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Discussion Starter #1
I have an odd problem that I've seen mentioned before, but there haven't been many people who've found solutions. I have a 2012 JK Unlimited.

When we get a rain storm, I end up with a significant amount of water (a quart or more) INSIDE of my freedom top panels. It's happening to both the passenger side as well as the driver's side, but seems a bit worse on the passenger side.

This is a complete pain in the backside to deal with. The panels end up too hot to touch in the Texas sun and need to be handled to drain them...otherwise water sloshes around in there while I drive and leaks from random places on the inside of my Jeep. It's a freaking mess until it's drained. (I don't think mold would survive the heat inside of the black roof panels in Texas, so I've got that going for me.)

I'm attaching a picture of me draining one of them.

I've tried remove them and reinstalling them about a half dozen times now. The rubber seems relatively clean up there. What in the heck is the deal with this? How can I make this stop, short of sealing the damned roof forever? I have a MaxCare warranty if that helps, but I'm not sure if this is something they'd cover under that.
 

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We been getting near sold rain every since I bought my 2018 JK Freedom top, a year ago. It stays outside. So far, no leaks at all. Or water getting into the panels.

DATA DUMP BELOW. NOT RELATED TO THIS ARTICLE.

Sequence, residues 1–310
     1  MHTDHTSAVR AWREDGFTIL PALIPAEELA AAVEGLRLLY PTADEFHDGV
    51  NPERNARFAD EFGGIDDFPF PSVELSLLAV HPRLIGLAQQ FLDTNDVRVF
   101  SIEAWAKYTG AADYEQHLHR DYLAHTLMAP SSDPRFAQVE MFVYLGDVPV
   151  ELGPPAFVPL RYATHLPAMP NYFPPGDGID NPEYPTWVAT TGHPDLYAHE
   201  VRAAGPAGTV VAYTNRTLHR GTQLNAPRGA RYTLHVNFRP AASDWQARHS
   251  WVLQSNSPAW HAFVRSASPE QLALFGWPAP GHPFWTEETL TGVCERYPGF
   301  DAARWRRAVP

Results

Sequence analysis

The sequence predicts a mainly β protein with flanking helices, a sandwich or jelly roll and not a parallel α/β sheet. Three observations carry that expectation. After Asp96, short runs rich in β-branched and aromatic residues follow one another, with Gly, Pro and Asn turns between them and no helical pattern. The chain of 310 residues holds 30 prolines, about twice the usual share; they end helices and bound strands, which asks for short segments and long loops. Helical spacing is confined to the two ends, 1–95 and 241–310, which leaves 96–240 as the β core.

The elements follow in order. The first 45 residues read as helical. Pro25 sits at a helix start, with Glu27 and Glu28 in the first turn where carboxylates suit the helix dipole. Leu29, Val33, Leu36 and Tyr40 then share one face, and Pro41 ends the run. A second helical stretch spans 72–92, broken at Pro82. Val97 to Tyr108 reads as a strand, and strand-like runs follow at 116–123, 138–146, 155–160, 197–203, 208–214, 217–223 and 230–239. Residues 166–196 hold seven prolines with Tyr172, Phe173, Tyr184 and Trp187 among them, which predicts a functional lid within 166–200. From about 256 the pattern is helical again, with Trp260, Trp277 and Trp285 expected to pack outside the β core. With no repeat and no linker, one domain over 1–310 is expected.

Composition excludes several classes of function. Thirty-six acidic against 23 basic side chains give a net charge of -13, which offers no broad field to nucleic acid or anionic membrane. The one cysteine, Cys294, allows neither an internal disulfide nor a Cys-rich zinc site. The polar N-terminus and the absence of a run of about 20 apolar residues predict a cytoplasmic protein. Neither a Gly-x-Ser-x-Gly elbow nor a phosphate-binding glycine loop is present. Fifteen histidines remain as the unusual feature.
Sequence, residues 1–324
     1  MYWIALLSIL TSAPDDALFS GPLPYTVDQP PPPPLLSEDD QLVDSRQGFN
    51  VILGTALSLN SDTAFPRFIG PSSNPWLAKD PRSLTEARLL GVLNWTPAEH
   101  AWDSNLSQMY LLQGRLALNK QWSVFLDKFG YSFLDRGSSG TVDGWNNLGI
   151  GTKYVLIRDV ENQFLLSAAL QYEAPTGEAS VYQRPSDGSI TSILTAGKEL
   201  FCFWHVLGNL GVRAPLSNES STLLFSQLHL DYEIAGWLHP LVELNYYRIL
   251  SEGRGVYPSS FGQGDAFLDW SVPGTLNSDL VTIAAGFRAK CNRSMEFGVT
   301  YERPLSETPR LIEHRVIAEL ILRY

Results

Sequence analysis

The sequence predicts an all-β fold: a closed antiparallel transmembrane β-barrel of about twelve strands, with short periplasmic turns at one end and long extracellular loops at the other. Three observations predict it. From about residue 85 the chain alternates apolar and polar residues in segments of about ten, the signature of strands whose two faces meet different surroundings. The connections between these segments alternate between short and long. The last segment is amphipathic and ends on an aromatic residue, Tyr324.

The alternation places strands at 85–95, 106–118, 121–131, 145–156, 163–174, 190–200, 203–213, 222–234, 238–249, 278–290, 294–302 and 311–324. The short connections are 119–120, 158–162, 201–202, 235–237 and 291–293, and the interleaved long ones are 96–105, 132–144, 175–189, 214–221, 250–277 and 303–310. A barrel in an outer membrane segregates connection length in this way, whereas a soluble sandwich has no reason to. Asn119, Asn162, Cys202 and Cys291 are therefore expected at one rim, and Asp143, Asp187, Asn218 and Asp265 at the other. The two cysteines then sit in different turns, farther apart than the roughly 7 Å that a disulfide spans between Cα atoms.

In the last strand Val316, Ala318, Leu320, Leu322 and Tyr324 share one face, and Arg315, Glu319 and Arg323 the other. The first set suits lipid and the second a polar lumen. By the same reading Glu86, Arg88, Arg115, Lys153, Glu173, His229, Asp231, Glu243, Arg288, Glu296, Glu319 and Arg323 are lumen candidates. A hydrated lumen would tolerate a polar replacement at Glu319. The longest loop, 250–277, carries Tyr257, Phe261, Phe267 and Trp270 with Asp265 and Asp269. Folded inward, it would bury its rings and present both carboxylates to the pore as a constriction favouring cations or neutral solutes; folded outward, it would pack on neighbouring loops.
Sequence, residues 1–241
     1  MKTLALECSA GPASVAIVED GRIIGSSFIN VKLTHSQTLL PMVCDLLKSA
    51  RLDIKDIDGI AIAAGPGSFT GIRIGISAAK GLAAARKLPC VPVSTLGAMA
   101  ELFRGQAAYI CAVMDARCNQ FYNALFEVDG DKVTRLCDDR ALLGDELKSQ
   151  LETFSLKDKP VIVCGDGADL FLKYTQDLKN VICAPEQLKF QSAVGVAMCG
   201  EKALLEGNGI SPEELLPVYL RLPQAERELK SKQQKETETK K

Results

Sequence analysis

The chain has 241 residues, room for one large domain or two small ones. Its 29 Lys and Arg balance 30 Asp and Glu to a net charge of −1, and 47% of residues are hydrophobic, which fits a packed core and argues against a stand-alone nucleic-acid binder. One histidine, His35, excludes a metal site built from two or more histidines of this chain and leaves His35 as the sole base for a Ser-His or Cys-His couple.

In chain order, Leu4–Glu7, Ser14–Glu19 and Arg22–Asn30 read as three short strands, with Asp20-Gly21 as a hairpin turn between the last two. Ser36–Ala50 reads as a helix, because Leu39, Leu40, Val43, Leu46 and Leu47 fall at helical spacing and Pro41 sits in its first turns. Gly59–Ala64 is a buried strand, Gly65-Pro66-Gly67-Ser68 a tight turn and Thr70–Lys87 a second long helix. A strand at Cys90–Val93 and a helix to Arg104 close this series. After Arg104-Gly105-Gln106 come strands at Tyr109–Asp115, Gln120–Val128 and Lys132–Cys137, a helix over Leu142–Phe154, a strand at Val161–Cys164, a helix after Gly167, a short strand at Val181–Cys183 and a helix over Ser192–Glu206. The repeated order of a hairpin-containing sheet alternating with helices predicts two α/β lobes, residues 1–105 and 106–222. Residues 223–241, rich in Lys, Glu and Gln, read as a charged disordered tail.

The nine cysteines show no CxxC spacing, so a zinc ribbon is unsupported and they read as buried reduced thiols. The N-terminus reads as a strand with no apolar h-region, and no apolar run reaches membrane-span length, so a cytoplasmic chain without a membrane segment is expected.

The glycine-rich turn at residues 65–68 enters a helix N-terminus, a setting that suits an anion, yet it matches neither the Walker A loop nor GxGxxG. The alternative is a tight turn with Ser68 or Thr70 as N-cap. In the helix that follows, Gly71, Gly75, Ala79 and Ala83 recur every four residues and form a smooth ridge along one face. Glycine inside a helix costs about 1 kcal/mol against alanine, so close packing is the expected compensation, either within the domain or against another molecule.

I wonder if they improved them any from 2012 to 2018. Or I have something to look forward too.

I would ask if the factory warranty would pay for this. Worse they can do (and prob. will do) is say no.

Quadratec has them for 877. I think they give a discount for forum members.
https://www.quadratec.com/products/11190_2912_07.htm

Also you could go with the bestop sunrider option. But on the youtube reviews, while people like them, they do leak some.
 

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Discussion Starter #4
Thanks for the thoughts so far.

I've read that some people replaced all of the rubber up there, and some people just replaced the panels entirely. That's really expensive though, and just doesn't seem like it should be needed. If it came down to that - I might try to find some take-offs from a wrecked jeep before I buy brand new ones.

I also might try to find a way to seal that part of the panels up, but I think it still needs some kind of ventilation somewhere. Having a sealed air cavity in there with the crazy range of temps that the roof panels can see doesn't sound like it would end well.

What I don't understand is how the panels are all pretty much the same, but mine end up full of water and most people never have that issue. I'd really like to know the exact cause before I start nagging the dealer about potential warranty work...my dealer seems to often be able to figure it out, but it tends to take them forever.

Anyways...if anyone has any ideas, please feel free to share them. I really appreciate it.
 

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Mine do on occasion. Dont seal that hole or you won't be able to drain em anymore

I read a fix a while back I will try and track down. I run a soft top 8 months so the couple months with the hardtop doesnt bother me. Usually just the ps and only an issue for me if I forget to drain and it and temps drop/ freezes. Pretty annoying with ice rattling up there-lol

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I've had this happen, hopefully it's as simple for you as it was for me. I could hear water sloshing around inside the freedom panel over my head every time I came to a hard stop. For me, it was caused by over-tightening the big screws through the sound bar.